“Our engagement with the Bible becomes more important right now, not less important. One of the reactions to the question of ‘Can I trust the Bible?’ is to say, ‘Well I don’t know if I can so I’m just going to put it on the shelf.’ That’s the opposite reaction we need. We need a whole group of people who are digging into it more and asking better questions about how we faithfully translate that Scripture today. And we all have to do that together. You can’t just pick some experts and have them do it for you.”
“Community then becomes more important, not less important, because we need each other to interpret the Bible well. We have to decide what it is God is calling us to do. I can’t decide that for you. You can’t sit in a room by yourself and read the Bible and decide what you think it means. You can’t. You have to do it with other people because you need their perspective. You need to hear God through them. You have to build trust with people in community. That’s one of the reasons why we need more community in church, not less. We need to fight against the individualistic tendencies that say ‘Just go off and do it by yourself in your own spiritual journey.’ That doesn’t work. So the reasons why we can trust the Bible is 1) the Bible is the means to an end and the end is connecting us to Jesus, and secondly, because it’s already built to be translated, which means it can adapt and adjust and speak clearly truth into any cultural situation and if we know that then we can enter into discussions and questions about what that really means in any particular time and place and trust that as a community God will reveal it to us, because he always has.”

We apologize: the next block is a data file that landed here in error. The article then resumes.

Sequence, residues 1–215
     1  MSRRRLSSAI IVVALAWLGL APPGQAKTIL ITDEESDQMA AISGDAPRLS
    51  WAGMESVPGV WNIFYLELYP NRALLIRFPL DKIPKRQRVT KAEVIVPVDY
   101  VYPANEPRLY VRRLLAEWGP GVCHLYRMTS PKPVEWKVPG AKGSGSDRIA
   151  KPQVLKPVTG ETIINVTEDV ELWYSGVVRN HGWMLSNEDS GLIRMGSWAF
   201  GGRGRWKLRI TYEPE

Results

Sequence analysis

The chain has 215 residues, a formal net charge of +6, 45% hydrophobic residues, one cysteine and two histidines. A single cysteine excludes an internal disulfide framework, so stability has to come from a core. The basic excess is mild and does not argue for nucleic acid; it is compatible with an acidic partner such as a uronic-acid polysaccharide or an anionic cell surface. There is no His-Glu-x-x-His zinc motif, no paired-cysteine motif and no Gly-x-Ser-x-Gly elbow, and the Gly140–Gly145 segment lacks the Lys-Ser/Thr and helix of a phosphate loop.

Thinking of the Bible as being “built” to be translated is helpful to me. Perhaps the crazy convoluted process in which Scripture came together in the form we receive it today is a testament (ha! no pun intended) to why it is trustworthy, not why it’s not. If we remember what the Bible is for- namely, it’s for telling the story of God’s wooing of humanity though the ages culminating in the person of Jesus- (a notion I think Michael affirms in saying “the Bible is a means to an end and the end is connecting us to Jesus”) then it also bears remembering that this storytelling has always been a group project. It was in the context of a community that the first oral traditions that later became written scripture first evolved. It was within a community that scriptures were copied, edited, and added to as the “big God story” continued on. Letters within Scripture were written to whole communities of believers in various cities, and the story continues to be told today, right at this second on a blog.